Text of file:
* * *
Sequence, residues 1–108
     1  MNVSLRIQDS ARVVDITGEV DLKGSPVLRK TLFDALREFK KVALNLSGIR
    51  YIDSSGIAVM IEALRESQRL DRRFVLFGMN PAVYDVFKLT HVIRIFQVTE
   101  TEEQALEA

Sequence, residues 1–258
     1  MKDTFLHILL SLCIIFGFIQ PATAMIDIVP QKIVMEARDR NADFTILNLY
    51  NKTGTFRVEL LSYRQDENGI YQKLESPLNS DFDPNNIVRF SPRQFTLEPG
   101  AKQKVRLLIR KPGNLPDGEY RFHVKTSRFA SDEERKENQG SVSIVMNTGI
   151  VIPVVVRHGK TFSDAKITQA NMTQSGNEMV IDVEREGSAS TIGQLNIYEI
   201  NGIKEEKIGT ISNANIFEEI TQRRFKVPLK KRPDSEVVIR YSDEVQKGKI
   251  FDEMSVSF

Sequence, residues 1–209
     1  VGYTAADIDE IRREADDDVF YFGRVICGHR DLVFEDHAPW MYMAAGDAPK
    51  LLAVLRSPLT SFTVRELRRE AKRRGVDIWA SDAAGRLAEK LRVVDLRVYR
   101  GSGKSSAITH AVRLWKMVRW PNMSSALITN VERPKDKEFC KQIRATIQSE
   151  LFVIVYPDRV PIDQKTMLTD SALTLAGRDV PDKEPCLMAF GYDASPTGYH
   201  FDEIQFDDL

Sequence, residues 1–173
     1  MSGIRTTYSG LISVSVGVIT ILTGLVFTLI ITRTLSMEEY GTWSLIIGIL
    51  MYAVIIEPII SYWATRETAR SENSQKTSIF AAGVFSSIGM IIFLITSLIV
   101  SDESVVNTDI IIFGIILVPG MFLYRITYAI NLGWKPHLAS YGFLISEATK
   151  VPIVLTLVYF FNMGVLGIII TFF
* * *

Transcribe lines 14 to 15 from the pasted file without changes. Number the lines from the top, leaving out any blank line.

    51  LLAVLRSPLT SFTVRELRRE AKRRGVDIWA SDAAGRLAEK LRVVDLRVYR
   101  GSGKSSAITH AVRLWKMVRW PNMSSALITN VERPKDKEFC KQIRATIQSE